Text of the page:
First, it’s highly hypoallergenic, making it a great choice for people with allergies or other chemical sensitivities. It is also scent-free and qualifies are food-safe. Above all, basswood is a lightweight hardwood with low thermal conduction.

Be warned, however, that recent scientific studies indicate that basswood dust causes genetic damage. So, you may want to research further before embracing it.

Pros

  • It’s strong and durable
  • It’s highly hypoallergenic
  • Basswood makes a beautiful sauna

Cons

  • Basswood dust may cause genetic damage



9. Douglas fir

Douglas fir is a member of the pine family, native to western North America and commonly found in the coastal ranges.

It’s a highly sustainable wood species, yielding more timber than any other wood species in North America. It’s also the tree most commonly used as the Christmas tree.

However, the Douglas fir is more than just an ornamental treasure. Being one of the best wood for outdoor use, Doug fir is highly valued for its strength, durability, and appearance.

A douglas fir sauna room is beautiful, with straight grains and a light brown color. More importantly, Douglas fir has no scent. So, it’s the perfect choice for people with allergic reactions. It also doesnt seep resin.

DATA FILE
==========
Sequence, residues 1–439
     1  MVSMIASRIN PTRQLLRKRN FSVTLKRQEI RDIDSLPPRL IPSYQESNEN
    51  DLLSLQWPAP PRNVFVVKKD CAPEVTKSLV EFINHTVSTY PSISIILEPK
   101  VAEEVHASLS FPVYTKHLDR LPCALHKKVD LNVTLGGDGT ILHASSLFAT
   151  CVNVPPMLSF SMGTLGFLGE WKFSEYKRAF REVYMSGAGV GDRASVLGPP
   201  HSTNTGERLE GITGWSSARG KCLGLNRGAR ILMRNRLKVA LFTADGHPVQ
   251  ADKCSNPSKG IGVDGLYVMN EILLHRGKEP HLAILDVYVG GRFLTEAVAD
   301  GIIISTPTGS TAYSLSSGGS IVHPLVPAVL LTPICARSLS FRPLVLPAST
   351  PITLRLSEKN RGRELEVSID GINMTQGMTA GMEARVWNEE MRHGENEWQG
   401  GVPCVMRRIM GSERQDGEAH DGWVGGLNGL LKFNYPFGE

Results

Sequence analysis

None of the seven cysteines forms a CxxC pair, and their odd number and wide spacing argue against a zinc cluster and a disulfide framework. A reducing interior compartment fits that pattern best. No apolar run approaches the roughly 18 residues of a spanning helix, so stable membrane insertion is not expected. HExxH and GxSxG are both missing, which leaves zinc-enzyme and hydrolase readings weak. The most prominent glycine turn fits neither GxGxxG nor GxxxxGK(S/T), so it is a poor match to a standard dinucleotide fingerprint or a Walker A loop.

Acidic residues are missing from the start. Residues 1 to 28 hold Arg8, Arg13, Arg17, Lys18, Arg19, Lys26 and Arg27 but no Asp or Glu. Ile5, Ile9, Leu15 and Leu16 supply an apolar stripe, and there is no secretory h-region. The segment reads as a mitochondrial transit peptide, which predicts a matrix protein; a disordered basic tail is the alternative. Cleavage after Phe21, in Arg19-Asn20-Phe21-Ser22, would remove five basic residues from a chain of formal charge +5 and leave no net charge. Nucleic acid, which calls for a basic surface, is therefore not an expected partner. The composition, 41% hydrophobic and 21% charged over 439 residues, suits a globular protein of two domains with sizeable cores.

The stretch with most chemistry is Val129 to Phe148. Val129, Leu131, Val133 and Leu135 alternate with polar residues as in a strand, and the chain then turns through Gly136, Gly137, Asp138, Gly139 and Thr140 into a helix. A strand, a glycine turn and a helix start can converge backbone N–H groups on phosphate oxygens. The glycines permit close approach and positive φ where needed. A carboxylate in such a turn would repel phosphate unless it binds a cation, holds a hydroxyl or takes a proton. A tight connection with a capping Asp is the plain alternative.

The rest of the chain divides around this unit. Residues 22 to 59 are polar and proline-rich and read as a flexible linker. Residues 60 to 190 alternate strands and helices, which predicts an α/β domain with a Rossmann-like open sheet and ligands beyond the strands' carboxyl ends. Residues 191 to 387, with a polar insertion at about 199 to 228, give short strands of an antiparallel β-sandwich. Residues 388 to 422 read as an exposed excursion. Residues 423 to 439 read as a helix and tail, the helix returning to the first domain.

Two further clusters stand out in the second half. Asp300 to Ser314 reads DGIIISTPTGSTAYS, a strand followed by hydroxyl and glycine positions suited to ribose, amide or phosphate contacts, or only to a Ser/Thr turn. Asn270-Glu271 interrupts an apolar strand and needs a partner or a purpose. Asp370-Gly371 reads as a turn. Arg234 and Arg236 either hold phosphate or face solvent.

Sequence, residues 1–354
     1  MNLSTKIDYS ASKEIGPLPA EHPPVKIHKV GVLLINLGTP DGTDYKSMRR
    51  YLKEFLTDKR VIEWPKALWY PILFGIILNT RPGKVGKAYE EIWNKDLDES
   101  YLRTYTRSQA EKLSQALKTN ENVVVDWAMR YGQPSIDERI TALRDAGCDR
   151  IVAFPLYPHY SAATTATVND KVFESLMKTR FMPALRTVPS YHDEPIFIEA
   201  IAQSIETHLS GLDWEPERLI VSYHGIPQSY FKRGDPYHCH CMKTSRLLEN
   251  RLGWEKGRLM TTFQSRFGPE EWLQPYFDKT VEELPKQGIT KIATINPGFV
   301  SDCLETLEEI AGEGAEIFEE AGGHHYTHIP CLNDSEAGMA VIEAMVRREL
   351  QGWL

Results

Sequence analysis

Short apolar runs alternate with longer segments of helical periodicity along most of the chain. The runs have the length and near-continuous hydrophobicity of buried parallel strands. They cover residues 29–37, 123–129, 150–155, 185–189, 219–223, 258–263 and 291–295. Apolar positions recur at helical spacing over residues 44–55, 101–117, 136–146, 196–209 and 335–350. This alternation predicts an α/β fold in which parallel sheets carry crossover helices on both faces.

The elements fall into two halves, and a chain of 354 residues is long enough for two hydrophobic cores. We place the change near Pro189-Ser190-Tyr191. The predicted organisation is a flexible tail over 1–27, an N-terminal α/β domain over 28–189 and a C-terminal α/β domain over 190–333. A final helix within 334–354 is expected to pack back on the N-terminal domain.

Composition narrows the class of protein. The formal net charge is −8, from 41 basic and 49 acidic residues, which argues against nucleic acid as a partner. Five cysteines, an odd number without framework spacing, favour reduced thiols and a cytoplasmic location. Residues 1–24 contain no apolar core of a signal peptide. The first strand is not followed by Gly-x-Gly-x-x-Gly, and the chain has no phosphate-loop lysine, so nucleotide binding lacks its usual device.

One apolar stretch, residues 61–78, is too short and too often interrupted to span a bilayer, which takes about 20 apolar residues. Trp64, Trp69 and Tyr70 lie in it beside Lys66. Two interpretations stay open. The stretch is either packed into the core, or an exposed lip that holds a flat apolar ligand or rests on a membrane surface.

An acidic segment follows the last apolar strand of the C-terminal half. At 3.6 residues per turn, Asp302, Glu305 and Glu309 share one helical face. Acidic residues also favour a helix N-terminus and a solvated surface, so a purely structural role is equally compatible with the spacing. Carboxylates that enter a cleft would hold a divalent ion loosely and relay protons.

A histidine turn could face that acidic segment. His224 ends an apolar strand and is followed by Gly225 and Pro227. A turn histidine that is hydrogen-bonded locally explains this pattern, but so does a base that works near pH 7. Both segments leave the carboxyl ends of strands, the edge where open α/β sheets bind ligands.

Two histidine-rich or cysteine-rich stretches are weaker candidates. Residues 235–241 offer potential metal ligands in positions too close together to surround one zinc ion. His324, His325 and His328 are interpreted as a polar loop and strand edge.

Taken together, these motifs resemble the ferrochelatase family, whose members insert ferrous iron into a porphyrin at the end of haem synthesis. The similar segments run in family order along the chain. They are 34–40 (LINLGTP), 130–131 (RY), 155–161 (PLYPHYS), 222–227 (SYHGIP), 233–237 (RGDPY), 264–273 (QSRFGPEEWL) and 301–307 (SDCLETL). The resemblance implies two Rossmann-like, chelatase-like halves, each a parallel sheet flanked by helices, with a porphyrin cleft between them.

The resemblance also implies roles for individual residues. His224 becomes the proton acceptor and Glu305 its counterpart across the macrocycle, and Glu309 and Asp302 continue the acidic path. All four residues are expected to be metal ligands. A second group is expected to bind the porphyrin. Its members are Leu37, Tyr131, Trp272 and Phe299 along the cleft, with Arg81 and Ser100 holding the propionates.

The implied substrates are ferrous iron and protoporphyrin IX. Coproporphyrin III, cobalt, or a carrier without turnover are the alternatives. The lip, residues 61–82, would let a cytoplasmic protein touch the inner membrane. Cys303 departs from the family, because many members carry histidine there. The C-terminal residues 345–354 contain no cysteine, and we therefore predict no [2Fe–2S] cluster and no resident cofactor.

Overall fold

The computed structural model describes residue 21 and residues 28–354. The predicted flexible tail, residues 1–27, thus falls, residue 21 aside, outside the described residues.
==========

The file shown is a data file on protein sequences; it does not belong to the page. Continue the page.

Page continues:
Pros

  • Douglas fir is strong and durable
  • It’s scent-free
  • It doesnt seep resin

Cons

  • It’s susceptible to denting and scratching



10. Common alder

The common alder, better known as black alder, is a reddish-brown wood with a pleasant, smooth texture. It’s a perennial deciduous wood from the birch family and grows in many places around Europe and southwestern Asia.

We consider common alder one of the best wood for a sauna because of its hardy nature and water resistance. Common alder doesn’t absorb water and therefore doesn’t rot with ease. It’s also highly resistant to decay.

Above all, black alder doesn’t overheat and boasts multiple health benefits. Extracts from the leaves and trunks treat bleeding, sore throat, swelling, fever, and constipation. These natural health benefits are invaluable in the sauna room.